On this day we discovered a new shopping neighborhood, or souk, in Khobar. Like New York and many other cities, Khobar has little shopping neighborhoods devoted to particular goods. There are a few square blocks with lots of kitchen and plumbing stores, another area known for fabric stores, and this one, which is full of watch and camera stores. Perfect, since we had our broken camera with us. (Poor thing finally cried "Uncle" a couple of months after my India trip.) I took these pictures from inside the car because 1. I have been told by some people not to take pictures in public places (though others have said it's fine) and 2. Out on the street it was as hot as, well, Saudi Arabia in July!
KFC, Carl's Jr., and Krispy Kreme. One stop shopping for all your artery-clogging needs.
Saudi Arabia is in the process of being taken over by the creeping fungus of American fast food chains. Krispy Kreme shops seem to be proliferating the fastest of all. Dunkin' Donuts is also a contender, but Krispy Kreme is winning. That said, I also do see a lot of "broasted" chicken places, which look like family owned businesses, and are a good alternative to KFC and the like. All of the restaurants, even fast food places, have "family" seating sections and "single" sections. "Single" equals men only, since a single woman cannot go out in public. Even in the food courts at the malls, there are little partitions set up at the ordering counter, to divide the men's line from the women's line.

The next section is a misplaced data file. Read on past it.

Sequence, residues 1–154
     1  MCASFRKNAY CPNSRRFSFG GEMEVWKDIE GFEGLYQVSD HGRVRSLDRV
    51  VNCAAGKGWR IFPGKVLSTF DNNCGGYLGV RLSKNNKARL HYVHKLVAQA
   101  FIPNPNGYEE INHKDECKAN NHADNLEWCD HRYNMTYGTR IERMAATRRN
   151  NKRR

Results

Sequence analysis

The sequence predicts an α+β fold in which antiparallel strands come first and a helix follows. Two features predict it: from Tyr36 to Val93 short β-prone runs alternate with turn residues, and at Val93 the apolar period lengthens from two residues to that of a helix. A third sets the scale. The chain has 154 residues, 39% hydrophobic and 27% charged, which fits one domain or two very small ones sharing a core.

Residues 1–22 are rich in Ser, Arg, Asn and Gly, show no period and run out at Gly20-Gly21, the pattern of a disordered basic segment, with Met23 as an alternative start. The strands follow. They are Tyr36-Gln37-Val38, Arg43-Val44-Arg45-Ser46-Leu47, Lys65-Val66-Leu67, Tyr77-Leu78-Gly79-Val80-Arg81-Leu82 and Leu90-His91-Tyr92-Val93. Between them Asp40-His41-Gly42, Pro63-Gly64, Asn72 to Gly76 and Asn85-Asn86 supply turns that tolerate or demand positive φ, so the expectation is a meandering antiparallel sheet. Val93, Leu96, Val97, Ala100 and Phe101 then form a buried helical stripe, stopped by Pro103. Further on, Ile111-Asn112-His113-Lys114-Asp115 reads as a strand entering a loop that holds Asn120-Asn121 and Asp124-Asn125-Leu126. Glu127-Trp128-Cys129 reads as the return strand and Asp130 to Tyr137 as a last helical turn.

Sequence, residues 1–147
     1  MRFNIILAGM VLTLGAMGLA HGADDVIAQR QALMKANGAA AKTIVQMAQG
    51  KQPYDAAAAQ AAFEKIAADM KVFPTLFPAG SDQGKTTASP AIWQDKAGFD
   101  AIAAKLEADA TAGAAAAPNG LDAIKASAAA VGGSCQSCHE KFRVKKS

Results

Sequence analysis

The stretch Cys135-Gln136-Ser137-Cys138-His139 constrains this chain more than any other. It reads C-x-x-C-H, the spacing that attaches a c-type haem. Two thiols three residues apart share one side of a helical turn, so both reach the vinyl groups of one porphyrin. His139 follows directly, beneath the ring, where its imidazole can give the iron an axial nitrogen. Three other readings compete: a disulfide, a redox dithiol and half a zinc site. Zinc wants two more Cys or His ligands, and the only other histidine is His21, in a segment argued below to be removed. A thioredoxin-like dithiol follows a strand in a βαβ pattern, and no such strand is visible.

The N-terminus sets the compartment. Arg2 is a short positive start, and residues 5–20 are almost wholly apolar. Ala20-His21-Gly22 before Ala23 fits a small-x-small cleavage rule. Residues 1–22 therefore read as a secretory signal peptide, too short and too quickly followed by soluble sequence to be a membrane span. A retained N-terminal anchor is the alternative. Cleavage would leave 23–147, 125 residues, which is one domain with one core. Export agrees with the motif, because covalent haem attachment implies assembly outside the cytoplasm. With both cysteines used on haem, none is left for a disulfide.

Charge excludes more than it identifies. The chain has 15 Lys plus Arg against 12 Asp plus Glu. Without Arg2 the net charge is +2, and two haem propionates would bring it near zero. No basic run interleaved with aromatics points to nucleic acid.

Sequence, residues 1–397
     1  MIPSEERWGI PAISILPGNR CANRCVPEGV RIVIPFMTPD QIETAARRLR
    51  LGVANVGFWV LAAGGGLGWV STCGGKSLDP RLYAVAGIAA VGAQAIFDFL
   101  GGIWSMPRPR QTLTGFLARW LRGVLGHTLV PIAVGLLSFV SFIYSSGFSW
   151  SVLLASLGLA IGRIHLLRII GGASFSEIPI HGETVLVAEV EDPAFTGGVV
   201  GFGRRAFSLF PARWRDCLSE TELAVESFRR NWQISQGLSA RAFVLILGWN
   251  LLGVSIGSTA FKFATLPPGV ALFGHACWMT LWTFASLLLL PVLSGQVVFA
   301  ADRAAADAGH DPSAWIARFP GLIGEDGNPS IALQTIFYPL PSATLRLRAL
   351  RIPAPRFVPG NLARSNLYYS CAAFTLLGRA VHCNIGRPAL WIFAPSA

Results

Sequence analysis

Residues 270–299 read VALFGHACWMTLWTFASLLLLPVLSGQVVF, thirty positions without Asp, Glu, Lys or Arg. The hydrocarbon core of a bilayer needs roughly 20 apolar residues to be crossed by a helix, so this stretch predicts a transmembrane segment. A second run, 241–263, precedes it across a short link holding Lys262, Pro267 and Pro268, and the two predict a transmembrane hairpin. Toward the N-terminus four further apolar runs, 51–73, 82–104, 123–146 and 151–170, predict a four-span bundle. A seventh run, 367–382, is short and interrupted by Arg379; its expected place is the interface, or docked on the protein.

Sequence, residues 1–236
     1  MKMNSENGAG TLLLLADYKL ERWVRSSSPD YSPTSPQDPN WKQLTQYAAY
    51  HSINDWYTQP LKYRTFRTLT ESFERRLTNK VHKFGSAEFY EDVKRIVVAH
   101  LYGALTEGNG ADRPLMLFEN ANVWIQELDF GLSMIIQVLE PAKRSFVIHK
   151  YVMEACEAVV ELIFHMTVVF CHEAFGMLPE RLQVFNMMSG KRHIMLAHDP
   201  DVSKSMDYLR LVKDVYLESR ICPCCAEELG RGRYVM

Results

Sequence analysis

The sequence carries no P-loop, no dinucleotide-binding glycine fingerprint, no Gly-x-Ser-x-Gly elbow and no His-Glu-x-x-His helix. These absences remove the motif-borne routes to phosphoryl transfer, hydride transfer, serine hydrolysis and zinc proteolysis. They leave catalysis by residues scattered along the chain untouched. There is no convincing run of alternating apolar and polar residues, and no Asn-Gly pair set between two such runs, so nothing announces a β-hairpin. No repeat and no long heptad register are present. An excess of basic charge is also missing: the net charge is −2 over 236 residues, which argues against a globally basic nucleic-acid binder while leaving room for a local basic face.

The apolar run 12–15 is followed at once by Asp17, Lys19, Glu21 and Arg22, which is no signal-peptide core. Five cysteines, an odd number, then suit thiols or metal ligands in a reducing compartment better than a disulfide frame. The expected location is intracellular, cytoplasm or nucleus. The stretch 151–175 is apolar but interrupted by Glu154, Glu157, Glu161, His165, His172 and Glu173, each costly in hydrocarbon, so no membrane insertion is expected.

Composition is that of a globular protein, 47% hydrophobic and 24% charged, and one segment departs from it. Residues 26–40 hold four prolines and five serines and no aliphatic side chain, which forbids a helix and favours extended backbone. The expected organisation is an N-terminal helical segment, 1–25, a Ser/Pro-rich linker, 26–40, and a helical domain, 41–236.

There's plenty of parking at the shopping malls, but if you're shopping in the neighborhoods, finding a space can be a challenge for the fainthearted. Fortunately, we have a sturdy vehicle that can easily climb curbs, yet is narrow enough to squeeze between construction barriers. Presto! Parking space.
Saudi city planners (Guffaw! As if!) have a profound distaste for median breaks. If your destination is on your left and the road is divided, you may have to drive several miles further before you can do a U-turn and get back to it. Likewise, if a shop on a busy street has parking in the back, there may not be a turnoff that would allow you to actually access that rear parking until you are way, way past the store. Perhaps the craziest "city planning" thing here is the lack of buffer between parking lot and freeway. There are literally--literally!--ramps that connect freeways with shopping center parking lots. Not feeder roads to the shopping center. No. You're barrelling down the freeway at 100 km, you get to your exit, and the ramp actually dumps you directly into the parking lot. Parked cars. Pedestrians. Shopping carts. The works. Slam on the brakes and deal with it! The reverse is true, as well. When you exit the shopping center lot, you've got to wind it up on the tiny little ramp and floor it onto the right lane of the freeway!
Fortunately, we are making friends with families in our company's housing compound in Dhahran (the town right next to all this shopping goodness). So we generally end our frenzied Khobar sprees with a nice, home-cooked dinner and a relaxed visit. After this kind of pulse-racing day, it feels great to drive onto the quiet, slow, safe streets of camp and be greeted with a cold drink by our friends.